Decided: February 19, 1965.
JACK HELLER, O'BRIEN BOLDT AND DAVID OXMAN, PLAINTIFFS-APPELLANTS,
WILLIAM D. TICKNOR, JR. AND THE COMMON COUNCIL OF THE CITY OF ENGLEWOOD, DEFENDANTS-RESPONDENTS
Goldmann, Sullivan and Labrecque. The opinion of the court was delivered by Sullivan, J.A.D.
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This appeal involves the issue whether the acting mayor of the City of Englewood, who assumed the duties of that office upon the resignation of the mayor, may continue to hold the office of councilman at large and exercise the powers and duties of councilman at large.
The facts are not in dispute and are as follows. The City of Englewood was incorporated by chapter 40 of the Laws of 1899, which act took effect in March of 1899. On April 11, 1899 the newly incorporated City of Englewood, at a referendum election, by a majority of the qualified voters adopted chapter 52 of the Laws of 1899, (R.S. 40:109-1(1) et seq. (Acts Saved from Repeal)). The city has been governed ever since under the provisions of that act and its amendments and supplements.
The City of Englewood is divided into four wards. One councilman is elected from each ward, and one councilman is elected at large by the entire electorate of the city. The Common
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Council of the City of Englewood therefore is composed of five councilmen.
At the general election in November 1963 Francis J. Donovan was elected mayor for a term of two years. He duly qualified for that office and entered upon and performed the duties thereof. At the same election William D. Ticknor, Jr., was elected councilman at large for a term of two years. He duly qualified for that office and has since performed the duties as a member of the common council. At the organization meeting held on January 1, 1964, Ticknor was elected president of the common council.
In December 1964 Mayor Donovan tendered his resignation as mayor, which was accepted to take effect December 16, 1964.
A vacancy in the office of mayor is admittedly governed by R.S. 40:171-20,*fn1 applicable to cities generally, which provides:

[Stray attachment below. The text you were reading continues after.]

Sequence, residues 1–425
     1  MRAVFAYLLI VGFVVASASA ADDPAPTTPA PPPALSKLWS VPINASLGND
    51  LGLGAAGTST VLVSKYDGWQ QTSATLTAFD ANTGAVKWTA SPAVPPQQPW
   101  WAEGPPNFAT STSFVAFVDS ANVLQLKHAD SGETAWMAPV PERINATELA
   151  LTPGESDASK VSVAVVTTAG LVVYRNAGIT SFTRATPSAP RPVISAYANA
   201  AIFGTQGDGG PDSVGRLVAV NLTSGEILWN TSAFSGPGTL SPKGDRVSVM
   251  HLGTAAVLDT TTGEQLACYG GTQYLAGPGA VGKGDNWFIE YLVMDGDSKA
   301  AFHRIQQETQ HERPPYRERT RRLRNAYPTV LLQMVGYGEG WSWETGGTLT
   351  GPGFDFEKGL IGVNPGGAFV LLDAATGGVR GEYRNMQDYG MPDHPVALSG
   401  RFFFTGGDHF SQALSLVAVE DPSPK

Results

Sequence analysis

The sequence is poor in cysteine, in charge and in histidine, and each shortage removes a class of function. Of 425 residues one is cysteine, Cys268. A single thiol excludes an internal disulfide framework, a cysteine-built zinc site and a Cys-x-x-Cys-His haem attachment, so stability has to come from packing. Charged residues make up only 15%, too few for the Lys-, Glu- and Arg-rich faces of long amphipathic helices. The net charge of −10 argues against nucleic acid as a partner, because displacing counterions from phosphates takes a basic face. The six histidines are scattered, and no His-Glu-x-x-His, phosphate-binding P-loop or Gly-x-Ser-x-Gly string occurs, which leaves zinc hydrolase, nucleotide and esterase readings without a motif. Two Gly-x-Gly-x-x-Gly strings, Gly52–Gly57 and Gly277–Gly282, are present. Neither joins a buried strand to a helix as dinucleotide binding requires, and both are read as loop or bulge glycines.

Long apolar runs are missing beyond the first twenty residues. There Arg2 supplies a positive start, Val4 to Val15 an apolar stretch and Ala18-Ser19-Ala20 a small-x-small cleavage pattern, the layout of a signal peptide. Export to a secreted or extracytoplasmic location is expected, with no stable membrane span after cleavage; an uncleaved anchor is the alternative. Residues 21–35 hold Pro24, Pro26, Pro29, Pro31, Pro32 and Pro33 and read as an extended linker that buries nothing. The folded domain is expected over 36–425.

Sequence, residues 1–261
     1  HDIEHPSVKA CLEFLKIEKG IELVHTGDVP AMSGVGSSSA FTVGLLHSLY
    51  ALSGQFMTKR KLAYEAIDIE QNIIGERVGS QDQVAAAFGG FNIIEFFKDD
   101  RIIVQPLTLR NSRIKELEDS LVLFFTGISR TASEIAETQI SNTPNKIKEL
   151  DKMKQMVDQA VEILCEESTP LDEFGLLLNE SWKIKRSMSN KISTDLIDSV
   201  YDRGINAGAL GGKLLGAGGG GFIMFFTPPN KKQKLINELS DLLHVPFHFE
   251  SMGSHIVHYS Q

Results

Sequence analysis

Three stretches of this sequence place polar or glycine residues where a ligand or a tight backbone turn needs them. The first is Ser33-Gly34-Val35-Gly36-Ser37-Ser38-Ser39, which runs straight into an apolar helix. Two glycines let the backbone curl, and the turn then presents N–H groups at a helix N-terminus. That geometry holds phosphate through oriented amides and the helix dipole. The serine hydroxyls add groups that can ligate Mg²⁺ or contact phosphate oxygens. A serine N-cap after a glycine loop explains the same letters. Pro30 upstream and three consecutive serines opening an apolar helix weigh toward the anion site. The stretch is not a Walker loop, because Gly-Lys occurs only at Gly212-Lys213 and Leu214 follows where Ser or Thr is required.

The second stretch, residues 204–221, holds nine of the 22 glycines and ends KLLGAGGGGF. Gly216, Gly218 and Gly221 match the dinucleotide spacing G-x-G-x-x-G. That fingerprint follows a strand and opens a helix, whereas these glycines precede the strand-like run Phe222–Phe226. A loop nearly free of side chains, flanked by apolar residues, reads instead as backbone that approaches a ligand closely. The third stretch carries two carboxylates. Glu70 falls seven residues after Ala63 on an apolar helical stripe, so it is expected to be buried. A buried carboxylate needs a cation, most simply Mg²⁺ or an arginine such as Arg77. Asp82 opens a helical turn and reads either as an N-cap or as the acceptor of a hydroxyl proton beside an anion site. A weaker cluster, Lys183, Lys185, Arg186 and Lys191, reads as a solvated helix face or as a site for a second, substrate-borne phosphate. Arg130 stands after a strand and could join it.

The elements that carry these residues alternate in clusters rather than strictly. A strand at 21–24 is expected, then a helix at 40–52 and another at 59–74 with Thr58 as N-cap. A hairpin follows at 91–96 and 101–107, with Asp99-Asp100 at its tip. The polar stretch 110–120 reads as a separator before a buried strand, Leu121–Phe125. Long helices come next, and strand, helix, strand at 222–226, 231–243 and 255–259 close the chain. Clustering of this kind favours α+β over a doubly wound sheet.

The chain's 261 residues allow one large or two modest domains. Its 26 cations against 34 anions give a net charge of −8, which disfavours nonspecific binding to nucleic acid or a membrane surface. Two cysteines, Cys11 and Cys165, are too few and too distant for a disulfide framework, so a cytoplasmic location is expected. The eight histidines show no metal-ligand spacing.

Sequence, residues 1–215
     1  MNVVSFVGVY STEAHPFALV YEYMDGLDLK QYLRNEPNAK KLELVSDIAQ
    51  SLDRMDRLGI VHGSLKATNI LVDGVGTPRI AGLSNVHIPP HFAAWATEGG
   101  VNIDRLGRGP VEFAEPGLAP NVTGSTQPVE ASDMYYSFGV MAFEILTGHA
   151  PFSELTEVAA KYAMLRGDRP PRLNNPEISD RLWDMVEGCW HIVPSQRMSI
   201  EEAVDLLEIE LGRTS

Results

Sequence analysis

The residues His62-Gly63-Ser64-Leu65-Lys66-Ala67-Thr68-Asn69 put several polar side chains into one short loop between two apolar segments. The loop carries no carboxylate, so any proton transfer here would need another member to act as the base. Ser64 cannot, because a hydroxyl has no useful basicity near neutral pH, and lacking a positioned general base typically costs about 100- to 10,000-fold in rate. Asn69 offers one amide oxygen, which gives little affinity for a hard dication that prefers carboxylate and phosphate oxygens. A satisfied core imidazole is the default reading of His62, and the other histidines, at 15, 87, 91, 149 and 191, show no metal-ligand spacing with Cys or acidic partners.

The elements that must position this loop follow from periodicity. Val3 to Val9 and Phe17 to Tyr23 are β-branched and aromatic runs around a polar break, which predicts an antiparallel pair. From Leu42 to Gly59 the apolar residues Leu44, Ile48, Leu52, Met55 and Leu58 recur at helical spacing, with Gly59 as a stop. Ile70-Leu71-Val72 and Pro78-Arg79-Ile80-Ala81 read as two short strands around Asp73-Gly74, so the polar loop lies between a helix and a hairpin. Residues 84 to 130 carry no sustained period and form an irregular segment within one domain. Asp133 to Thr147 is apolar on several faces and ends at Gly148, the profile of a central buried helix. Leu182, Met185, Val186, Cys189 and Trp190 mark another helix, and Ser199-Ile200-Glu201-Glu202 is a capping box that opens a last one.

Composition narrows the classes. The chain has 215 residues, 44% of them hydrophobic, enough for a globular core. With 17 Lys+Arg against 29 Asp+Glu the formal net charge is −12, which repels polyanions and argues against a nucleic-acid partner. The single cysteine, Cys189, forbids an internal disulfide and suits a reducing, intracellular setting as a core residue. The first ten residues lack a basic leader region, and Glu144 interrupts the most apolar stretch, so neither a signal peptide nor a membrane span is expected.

"In the event of the death, resignation, disqualification, or other disability, of the mayor of any city, the president of the board of aldermen or common council shall act as mayor until the next general election; shall be known as acting mayor; shall have all the powers and privileges; be entitled to the same salary, and be chargeable with the same duties and obligations as the mayor of such city; provided, however, this act shall not affect any proceedings already instituted nor any act heretofore signed by any officer as acting mayor."
Pursuant to the foregoing statute, defendant Ticknor, as president of the common council, assumed the powers and duties of mayor, and took and filed an oath of office as acting mayor.
The city solicitor of Englewood rendered a formal opinion that Ticknor, while acting as mayor, also can continue to
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exercise the powers and duties of councilman at large. Since then, Ticknor has exercised the functions of both offices.
Plaintiffs, as residents, citizens and taxpayers, have filed the instant suit charging that the offices of mayor and councilman are incompatible and inconsistent, and that their simultaneous exercise by the same person is violative of the principle of separation of the executive and legislative functions. Specifically, plaintiffs contend that Ticknor, upon assuming the duties of acting mayor, created a vacancy in the office of councilman at large which must now be filled by the council in accordance with R.S. 40:109-3(9) (Acts Saved from Repeal). In the alternative, plaintiffs contend that even if it be determined that Ticknor retains his office of councilman while acting as mayor, he should not be permitted to exercise his councilmanic powers and duties.